Early apexes are always bad, right? Not really. In this video I talk about two different drivers who turn the same lap time, and yet one turns in and apexes earlier than the other (in fact, this driver was slightly faster). Where you apex, and get back to power is all in how you rotate the car on the entry of the turn, and that’s what I’m talking about here.
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To race, you need to know how to do both, and how to use the left foot for the brake
Ross, given that I tend to prefer a neutral to under-steer setup on my RWD car, can you share any points to effectively transition standard trail-braking into more a rotation of the back-end for this desired result?
Emmanuel – I wish I could tell you the one thing to do that would work with all cars, in all corners, on all track. But that would be too easy! And not true, since every car, corner and track is a little different. Typically, one would think that trail braking a little longer would help rotate the car more because it’s keeping the front of the car more weighted. But that’s not always what’ll happen. In fact, sometimes you will overload the front tires and actually reduce the amount of rotation.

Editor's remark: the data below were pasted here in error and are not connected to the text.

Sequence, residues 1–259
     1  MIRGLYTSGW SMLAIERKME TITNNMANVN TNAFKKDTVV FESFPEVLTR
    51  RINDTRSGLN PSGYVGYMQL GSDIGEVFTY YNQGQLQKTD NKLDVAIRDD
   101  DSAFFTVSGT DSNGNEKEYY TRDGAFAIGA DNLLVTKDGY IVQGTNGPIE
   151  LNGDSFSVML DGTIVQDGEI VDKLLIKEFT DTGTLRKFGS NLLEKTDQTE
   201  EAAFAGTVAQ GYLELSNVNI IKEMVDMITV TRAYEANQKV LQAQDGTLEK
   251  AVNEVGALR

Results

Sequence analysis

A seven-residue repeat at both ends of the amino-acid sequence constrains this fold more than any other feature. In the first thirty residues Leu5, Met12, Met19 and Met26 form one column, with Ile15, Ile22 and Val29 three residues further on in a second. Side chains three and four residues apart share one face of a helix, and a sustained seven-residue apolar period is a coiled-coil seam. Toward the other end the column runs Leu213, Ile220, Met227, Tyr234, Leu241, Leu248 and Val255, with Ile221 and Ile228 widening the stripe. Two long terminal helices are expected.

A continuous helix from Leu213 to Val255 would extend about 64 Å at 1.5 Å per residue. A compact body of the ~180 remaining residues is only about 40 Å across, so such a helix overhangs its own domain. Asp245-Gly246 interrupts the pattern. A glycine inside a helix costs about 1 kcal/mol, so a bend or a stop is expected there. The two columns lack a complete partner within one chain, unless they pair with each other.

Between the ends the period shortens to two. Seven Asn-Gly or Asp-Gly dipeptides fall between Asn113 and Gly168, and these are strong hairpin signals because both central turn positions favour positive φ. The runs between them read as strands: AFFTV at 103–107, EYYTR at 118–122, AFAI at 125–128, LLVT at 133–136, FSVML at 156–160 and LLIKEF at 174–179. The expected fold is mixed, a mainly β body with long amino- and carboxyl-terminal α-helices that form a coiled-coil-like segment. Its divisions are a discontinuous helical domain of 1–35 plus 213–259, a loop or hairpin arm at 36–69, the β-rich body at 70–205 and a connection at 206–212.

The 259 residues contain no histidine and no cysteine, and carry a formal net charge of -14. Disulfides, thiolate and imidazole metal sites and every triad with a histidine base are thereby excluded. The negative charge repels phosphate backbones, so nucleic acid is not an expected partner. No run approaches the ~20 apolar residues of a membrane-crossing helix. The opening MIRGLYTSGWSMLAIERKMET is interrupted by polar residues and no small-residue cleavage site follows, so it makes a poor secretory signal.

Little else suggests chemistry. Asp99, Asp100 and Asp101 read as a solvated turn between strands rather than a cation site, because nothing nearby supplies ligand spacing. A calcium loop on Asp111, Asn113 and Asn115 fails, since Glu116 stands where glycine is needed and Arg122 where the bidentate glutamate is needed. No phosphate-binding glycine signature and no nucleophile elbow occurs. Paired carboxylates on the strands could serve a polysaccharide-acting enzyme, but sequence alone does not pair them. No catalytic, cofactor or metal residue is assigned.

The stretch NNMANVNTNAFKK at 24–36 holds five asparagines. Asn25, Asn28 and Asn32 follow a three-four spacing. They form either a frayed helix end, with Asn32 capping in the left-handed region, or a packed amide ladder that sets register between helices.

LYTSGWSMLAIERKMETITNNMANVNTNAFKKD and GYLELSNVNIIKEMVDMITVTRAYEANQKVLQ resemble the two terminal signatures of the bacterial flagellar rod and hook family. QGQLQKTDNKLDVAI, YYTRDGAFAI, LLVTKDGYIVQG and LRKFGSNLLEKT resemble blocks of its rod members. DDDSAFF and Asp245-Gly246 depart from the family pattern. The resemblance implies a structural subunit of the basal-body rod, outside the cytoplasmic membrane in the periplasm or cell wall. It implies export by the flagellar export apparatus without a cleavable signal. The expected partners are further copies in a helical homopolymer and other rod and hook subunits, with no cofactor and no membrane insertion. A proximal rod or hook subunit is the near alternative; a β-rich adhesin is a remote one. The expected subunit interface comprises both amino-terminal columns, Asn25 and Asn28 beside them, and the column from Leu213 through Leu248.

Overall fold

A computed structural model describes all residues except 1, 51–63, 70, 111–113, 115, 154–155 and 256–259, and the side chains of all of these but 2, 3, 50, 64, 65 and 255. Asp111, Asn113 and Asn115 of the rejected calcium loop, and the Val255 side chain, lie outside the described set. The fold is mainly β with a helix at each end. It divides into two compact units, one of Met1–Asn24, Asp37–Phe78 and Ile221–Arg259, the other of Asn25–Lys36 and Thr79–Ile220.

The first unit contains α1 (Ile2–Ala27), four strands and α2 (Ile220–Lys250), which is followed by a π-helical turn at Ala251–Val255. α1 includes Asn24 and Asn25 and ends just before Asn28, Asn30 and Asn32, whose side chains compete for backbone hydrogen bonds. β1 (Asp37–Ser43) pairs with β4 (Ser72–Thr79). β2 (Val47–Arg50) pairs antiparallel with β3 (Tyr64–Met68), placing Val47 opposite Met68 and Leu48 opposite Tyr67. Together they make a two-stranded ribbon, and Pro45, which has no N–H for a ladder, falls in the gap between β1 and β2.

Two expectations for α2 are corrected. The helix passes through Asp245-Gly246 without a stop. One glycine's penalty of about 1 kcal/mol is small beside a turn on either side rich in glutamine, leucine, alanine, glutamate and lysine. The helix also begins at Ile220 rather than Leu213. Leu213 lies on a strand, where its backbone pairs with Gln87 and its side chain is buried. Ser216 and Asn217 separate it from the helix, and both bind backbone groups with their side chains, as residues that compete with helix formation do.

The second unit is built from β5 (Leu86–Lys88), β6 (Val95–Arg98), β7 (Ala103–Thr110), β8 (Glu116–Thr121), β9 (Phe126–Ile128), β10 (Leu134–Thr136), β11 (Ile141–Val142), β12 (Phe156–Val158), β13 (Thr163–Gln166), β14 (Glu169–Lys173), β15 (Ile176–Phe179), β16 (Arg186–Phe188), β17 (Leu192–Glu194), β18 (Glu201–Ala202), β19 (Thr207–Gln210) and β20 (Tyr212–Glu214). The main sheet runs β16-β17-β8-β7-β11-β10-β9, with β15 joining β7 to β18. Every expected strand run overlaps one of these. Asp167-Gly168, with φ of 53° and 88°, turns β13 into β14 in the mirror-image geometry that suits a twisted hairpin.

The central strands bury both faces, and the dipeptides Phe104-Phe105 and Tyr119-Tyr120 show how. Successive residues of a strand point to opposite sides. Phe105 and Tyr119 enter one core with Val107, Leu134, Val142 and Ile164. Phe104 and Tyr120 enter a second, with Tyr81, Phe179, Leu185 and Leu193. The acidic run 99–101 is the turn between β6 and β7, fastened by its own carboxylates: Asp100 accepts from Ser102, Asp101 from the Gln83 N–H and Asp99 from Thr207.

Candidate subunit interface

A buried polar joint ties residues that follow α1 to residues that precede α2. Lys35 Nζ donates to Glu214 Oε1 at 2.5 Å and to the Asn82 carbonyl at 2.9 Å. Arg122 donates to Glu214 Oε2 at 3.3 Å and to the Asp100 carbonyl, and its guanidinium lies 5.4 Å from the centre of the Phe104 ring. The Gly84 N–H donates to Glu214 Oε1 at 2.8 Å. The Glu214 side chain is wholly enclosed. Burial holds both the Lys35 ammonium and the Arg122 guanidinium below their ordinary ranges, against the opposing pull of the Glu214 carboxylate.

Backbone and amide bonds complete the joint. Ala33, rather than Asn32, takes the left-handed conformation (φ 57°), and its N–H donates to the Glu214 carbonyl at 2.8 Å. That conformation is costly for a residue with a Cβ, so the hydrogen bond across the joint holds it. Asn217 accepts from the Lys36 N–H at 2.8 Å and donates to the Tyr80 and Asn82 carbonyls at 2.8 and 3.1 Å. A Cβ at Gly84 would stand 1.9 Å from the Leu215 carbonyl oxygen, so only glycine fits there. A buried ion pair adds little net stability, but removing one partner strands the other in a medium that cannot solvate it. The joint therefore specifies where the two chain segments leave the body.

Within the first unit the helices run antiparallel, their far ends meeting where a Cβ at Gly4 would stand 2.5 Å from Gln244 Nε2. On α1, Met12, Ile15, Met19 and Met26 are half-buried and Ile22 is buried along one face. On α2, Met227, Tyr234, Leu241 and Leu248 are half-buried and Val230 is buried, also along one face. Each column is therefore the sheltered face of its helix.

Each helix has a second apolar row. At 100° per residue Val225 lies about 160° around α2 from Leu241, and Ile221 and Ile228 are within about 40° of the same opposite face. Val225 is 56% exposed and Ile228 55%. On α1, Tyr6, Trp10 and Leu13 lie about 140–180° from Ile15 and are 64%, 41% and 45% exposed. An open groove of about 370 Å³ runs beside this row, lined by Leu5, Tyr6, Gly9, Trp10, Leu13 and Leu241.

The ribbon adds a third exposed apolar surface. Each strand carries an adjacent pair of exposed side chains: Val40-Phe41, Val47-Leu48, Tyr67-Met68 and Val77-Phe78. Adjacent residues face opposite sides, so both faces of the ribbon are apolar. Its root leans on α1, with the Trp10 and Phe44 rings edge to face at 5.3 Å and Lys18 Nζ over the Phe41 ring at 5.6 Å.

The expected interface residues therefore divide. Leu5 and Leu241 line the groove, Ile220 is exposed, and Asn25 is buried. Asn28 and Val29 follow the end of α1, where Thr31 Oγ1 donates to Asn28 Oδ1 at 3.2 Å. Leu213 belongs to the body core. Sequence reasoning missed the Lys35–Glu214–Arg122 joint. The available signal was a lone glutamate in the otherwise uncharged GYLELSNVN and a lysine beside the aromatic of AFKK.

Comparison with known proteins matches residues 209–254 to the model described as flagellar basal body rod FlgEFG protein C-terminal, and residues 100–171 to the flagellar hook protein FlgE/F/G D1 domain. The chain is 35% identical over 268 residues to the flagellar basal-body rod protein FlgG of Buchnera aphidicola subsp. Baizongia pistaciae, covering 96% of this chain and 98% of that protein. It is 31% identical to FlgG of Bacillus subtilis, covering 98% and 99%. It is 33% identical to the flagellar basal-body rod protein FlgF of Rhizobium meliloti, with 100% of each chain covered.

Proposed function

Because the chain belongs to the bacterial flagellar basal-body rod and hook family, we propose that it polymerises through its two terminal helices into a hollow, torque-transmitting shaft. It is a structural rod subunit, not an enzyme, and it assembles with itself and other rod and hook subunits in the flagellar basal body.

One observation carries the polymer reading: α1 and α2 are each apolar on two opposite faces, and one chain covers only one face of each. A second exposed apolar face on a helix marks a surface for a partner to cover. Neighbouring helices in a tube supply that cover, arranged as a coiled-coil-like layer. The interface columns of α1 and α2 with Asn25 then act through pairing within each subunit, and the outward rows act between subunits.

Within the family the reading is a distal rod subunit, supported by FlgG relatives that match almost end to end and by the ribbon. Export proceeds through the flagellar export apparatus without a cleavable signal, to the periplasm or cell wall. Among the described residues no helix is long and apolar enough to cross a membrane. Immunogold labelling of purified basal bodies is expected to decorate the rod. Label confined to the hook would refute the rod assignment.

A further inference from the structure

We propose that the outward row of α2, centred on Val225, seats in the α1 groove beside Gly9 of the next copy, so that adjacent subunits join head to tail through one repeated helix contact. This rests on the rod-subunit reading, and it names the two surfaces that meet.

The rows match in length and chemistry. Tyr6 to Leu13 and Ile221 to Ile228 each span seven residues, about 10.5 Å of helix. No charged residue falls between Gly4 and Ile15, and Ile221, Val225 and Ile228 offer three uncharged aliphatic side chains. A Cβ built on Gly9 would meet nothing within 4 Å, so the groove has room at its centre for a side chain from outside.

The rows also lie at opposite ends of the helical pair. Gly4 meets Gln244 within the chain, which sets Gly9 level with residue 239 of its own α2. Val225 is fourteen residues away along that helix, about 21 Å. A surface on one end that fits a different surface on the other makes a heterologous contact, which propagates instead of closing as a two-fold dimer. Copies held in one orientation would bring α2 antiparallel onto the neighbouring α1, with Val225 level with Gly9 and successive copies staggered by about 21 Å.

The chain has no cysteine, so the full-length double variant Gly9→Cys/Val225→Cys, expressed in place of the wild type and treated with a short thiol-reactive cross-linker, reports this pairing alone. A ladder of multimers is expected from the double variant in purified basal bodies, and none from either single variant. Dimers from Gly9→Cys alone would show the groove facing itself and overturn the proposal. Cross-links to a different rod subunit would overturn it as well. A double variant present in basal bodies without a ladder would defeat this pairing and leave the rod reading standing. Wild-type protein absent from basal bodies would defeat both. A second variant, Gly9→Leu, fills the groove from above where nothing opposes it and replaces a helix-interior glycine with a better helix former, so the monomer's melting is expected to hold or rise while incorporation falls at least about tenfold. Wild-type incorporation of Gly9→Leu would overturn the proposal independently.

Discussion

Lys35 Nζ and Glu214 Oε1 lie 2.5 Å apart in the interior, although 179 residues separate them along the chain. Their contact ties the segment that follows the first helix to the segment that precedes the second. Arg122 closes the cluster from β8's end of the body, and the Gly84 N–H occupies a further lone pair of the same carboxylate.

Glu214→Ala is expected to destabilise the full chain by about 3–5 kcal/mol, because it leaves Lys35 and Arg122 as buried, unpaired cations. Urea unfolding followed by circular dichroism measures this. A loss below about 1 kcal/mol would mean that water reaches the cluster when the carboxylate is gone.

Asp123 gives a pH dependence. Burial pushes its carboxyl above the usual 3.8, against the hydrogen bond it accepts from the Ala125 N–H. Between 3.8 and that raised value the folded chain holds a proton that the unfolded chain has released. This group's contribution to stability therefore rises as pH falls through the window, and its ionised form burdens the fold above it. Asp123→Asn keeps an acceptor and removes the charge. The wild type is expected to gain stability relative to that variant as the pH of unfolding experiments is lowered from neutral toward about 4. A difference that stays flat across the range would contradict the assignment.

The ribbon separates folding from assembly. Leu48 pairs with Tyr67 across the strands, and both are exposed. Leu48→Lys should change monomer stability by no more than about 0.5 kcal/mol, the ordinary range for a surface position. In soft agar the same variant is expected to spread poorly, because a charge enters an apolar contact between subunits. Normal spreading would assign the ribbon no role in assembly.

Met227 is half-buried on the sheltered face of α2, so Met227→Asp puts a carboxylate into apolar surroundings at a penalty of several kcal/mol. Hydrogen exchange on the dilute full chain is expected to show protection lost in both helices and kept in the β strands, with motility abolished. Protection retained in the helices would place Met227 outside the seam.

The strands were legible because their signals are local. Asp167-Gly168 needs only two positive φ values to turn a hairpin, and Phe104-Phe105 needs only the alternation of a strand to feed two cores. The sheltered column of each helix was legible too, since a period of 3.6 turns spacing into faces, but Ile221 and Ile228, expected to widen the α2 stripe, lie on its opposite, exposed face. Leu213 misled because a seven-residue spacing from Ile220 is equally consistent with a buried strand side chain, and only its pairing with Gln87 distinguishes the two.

If you were to set aside at least one full session on track to being aware of how your car responds when you change the timing and rate of release of the brakes, you would learn what it takes. Your goal in that session would be to actually be inconsistent – it would be to experiment. Try releasing the brakes earlier and quickly; early and slow; late and quickly; late and slow. At the end of the session you will have learned what your car needs to make it rotate the way you want, and you will have built up your database of driving techniques.